Discrete Mathematics – Total Number of Integral Solutions with Constraints

Find the number of ways in which 5 dice can be rolled to get 25.

While solving this question, the way we solve it is $$x_1 + x_2 + x_3 + x_4 + x_5$$ $$= 25$$ or $$1 <= x_i <= 6$$

So we replace $$x_i$$ by $$y_i = 6-x_i$$ , Which one is $$x_i = 6-y_i$$

replacing $$x_i$$ in the equation above, we get it like → $$(6 * 5) – (y_1 + y_2 + y_3 + y_4 + y_5)$$ $$= 25$$

$$(y_1 + y_2 + y_3 + y_4 + y_5)$$ = $$5$$

After solving this equation with the solution solution $$(n-r + 1)! / (n! * (r-1)!)$$ we get years like → $$126$$

Now consider this problem,

The number of non-negative whole solutions such as $$x_1 + x_2 + x_3 = 17$$ or $$x_1> 1, x_2> 2, x_3> 3$$ is ___________________

Solving this, we solve it as → $$y_1 = x_1-2$$ , $$y_2 = x_2 -3$$ , $$y_3 = x_3-4$$

so, $$x_1 = y_1 + 2$$ , $$x_2 = y_2 + 3$$ , $$x_3 = y_3 + 4$$

Now, we substitute this in our original equation to get →

$$y_1 + 2 + y_2 + 3 + y_3 + 4 = 17$$

$$y_1 + y_2 + y_3 = 8$$

and after solving that, we get the years as $$45$$

Now I have a $$DOUB$$ here in the second problem since when $$x_1> 1$$ we do it like $$x_1 = y_1 + 2$$ but in the first problem, all the dice should have a value $$> 0$$ , so why in this case we did not do $$x_i = y_i + 1$$ for all cases?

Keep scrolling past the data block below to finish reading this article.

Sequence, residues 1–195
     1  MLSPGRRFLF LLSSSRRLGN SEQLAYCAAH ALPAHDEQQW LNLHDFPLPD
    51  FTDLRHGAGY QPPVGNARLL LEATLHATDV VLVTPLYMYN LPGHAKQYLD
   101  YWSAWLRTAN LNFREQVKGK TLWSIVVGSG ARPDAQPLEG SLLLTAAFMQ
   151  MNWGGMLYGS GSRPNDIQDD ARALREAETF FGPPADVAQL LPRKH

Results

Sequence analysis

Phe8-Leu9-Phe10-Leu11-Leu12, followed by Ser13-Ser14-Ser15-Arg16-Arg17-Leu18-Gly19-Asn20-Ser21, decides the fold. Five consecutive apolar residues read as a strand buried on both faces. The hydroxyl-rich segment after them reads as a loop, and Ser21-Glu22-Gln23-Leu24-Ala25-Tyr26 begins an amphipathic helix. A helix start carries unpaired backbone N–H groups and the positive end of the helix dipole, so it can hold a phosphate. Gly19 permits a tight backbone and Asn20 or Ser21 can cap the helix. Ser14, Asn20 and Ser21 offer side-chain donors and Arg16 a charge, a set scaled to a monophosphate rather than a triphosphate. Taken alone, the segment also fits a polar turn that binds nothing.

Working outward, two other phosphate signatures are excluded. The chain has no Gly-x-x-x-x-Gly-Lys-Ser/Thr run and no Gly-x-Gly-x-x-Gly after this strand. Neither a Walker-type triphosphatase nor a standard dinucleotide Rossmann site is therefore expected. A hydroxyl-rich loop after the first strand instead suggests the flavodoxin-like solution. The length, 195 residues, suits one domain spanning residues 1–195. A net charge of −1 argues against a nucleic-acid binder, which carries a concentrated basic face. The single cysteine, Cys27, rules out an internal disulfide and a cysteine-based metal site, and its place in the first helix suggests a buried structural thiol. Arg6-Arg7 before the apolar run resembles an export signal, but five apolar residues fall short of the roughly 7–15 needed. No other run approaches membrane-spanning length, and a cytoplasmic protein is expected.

And elsewhere if the question was like

$$x_1 + x_2 + x_3 = 12$$ , $$2 <= x <= 5$$ so how to solve this problem by using an entire solution and applying the formula $$(n-r + 1)! / (n! * (r-1)!)$$ ?

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Equation Resolution – Defines a function that includes two resolution solutions

I'm trying to combine the solutions from both NSolve and define a new function that I have to integrate.

Basically, I defined two NSolve with the names eqpart and usol. I've assigned their solutions to three functions, xtot (Tx), ne (y) and T (y).

Then I defined neff (y_): = ne (y) * xtot (T (y)) and I try to integrate it as neff0 = NIntegrate (neff (y) * Lc * 2 * Pi * Rc ^ 2 * y, {y, ymin, ymax}) / (Pi *
Rc ^ 2 * Lc);

As an output, I have several errors saying that "eqpart … is neither a list of replacement rules, nor a valid dispatch table, and therefore can not be used to replace"

What am I doing wrong?

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Handling list – correctly evaluate the existence of great solutions

I'm trying to evaluate correctly

$$D (S cap (a, b)) = lim_ {n to infty} frac { left | S cap {F_n cap (a, b)} right |} { left | F_n cap (a, b) right |$$

or $$D$$ is the density of $$S cap (a, b)$$ (in $$A cap (a, b)$$) $$(a, b)$$ is an interval for $$a, b in mathbb {R}$$, $$F_n$$ is the Folner sequence of $$A$$, and $$S subseteq A$$. For more information, click here (replace $$G, X, i, g$$ with $$A, S, n, a$$), click (here) and here.